A good cover

According to designer Kim Killion, book buyers do judge books by their covers—or, at least, by their thumbnails. As more and more people browse Amazon and other online shops for their next read, cover designers have to make sure their covers catch eyes, whether they’re 6.75 inches high or one inch. Killion shares the importance of typography, taglines, and more.


Can you judge a book by its cover?

It’s worth the investment to have a good cover because a book truly is, you know, they judge a book by a cover. I wouldn’t necessarily say that it’s more true in romance, I think everything is thumbnails and whatever strikes your eyes is what you’re going to click on to see wouldn’t matter, but if you’re a B-list author who’s trying to build her audience then you’ve really got to put the time and energy into working with someone to get a good cover.

What sets the best covers apart?

Typography. It—you can’t just put a picture in the background and put type on it. There’s a certain sort of—you have to have an eye for how type goes together and there’s an art form to typography. There’s typography, I think they call them typographists, I could have that wrong but they specialize in taking a name and making the swooshes intertwine and we do that and that’s how we do a lot of our series work, you know. We’ll spend a lot of time just doing the author’s name and then it will stay that way on every one of their books. And it’s more time consuming to do the typography than it is to put the image back there, and a lot of people don’t realize that, so.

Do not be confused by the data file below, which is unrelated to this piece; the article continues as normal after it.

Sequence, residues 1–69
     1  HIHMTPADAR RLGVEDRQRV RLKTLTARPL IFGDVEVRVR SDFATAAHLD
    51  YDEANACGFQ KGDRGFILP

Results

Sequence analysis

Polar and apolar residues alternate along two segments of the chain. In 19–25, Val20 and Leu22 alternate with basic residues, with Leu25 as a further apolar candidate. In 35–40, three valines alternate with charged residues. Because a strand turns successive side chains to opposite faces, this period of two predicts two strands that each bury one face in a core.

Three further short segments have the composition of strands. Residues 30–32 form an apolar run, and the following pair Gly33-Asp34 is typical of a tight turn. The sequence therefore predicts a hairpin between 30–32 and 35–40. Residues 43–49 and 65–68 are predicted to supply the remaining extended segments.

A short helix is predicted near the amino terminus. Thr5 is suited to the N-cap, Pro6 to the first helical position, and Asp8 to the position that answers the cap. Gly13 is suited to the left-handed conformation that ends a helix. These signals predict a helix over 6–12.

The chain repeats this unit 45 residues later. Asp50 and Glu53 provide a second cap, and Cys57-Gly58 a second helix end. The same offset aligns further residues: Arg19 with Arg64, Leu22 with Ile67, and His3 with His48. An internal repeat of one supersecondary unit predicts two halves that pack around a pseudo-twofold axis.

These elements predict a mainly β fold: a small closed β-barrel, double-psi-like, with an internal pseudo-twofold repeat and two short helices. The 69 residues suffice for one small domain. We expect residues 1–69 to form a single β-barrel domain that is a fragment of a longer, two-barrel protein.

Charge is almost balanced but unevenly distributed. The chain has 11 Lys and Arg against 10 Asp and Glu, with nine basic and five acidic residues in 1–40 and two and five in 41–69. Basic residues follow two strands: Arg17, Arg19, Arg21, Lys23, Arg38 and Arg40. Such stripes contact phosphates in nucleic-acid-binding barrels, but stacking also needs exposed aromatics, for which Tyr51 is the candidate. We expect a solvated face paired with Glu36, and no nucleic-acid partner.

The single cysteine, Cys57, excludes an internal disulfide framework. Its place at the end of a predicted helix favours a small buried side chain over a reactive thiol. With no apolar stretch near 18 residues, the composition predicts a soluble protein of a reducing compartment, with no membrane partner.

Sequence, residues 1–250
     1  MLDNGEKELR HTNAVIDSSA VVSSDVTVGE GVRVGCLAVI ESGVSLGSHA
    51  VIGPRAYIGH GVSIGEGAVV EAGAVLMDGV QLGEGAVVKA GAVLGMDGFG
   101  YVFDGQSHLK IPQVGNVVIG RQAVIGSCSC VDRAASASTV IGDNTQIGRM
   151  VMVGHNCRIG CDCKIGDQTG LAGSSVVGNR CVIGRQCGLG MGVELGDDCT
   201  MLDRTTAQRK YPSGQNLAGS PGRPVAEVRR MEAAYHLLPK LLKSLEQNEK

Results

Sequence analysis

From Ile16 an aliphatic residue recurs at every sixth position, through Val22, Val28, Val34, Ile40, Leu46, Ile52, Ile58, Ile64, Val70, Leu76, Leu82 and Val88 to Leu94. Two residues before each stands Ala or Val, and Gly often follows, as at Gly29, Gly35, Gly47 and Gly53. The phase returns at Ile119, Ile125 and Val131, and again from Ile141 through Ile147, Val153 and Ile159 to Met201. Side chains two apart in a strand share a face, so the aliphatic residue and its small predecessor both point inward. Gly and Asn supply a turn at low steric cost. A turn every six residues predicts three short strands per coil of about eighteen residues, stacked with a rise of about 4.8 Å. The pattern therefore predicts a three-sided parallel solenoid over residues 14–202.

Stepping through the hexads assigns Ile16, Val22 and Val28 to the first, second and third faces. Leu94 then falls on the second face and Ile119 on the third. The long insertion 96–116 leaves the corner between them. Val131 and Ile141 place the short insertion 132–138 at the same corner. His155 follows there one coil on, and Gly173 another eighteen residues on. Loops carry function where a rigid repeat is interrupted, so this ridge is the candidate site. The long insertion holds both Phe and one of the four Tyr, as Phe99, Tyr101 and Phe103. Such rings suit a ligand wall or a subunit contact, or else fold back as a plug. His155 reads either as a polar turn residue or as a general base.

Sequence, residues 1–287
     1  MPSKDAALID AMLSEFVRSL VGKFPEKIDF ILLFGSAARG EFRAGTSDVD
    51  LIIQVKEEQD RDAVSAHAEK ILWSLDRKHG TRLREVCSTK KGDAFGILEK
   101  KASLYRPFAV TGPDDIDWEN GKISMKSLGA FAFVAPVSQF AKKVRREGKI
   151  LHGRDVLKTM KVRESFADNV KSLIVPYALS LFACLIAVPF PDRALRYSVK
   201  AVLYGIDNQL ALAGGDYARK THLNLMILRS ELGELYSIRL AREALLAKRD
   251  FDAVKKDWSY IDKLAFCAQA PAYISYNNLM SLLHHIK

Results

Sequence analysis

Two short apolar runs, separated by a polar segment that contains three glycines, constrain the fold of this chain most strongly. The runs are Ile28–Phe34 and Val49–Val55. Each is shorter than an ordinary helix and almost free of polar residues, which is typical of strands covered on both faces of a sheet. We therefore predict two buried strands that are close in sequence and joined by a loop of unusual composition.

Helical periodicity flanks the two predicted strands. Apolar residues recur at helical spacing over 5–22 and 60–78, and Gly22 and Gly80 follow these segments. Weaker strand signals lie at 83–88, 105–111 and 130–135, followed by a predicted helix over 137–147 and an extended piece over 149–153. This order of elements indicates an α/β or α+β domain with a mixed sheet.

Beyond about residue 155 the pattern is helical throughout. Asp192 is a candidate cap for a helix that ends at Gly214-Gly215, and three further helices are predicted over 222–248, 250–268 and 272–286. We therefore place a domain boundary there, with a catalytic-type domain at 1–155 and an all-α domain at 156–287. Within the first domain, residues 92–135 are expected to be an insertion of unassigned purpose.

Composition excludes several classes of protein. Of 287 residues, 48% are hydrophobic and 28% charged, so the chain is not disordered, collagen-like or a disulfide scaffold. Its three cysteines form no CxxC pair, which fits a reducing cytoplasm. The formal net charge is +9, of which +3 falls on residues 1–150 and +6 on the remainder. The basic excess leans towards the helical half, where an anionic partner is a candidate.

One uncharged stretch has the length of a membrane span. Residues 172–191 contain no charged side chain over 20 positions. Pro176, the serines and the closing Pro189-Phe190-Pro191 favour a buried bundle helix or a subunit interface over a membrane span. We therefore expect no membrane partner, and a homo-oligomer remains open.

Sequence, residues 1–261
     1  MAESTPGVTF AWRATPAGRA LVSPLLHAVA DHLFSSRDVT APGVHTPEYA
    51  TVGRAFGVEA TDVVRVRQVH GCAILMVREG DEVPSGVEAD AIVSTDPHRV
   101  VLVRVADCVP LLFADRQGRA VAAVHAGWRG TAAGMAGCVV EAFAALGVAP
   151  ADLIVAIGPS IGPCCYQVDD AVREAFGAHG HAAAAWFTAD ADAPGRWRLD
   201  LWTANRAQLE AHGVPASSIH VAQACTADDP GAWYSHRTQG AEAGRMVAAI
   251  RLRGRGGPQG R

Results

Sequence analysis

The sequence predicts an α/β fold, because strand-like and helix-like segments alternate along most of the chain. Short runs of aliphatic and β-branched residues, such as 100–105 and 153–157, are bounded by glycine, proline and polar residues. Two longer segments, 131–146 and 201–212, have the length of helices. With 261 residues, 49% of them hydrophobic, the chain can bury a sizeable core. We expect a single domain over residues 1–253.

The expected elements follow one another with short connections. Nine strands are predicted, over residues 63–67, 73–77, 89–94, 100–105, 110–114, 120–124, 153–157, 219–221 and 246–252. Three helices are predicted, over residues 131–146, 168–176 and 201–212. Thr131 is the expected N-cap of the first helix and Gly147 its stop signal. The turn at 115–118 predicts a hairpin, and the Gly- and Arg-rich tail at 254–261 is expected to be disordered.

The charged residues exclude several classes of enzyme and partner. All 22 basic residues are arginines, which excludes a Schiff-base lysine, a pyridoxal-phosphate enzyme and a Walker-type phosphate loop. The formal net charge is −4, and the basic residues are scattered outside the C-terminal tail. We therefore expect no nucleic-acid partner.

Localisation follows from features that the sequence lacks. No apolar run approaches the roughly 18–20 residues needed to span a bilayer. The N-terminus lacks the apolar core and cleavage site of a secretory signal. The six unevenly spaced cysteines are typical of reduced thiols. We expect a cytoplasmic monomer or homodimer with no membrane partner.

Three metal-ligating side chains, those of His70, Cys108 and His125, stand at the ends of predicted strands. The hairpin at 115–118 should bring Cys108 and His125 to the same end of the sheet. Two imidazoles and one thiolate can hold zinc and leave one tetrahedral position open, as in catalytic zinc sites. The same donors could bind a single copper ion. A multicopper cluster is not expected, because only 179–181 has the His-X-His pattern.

But we also do the fine print, you know, and that’s something else that’s on our questionnaire. I don’t care who you are, if you’re a USA Today bestseller or a New York Times bestseller. We want to put that small print up there. But what we’re doing is we’re designing covers that are an inch and a quarter tall and that’s the market. That’s, they’re selling on Amazon, that’s all the bigger they are. So it’s very important that their name is big and if they have a little tagline that they made a list, you know, it’s important. It’s not important that you can read it at that level, but it’s important that the reader can go, “They must be important because they’ve got that little line on there.”

They might be an award-winning author; they might be a Golden Heart finalist, you know, people have put that on there. But the taglines that they put on are secondary type and it might say something like “He vowed to love her, but she was married to another,” you know. It’s got the whole—he vowed to love her, dot dot dot, but she was married to another, you know. And that’s everything, that’s the whole romance tying you into the emotional connection of that story.

And because I’m a writer, I’ll write it, if they don’t provide it. I’ll read the blurb and I’ll write it and then they’re like, “Well, where’d that tagline come from?” “We,ll I wrote it, you know.” “Oh, I forget you’re a writer.” So that’s very beneficial to our business as well.

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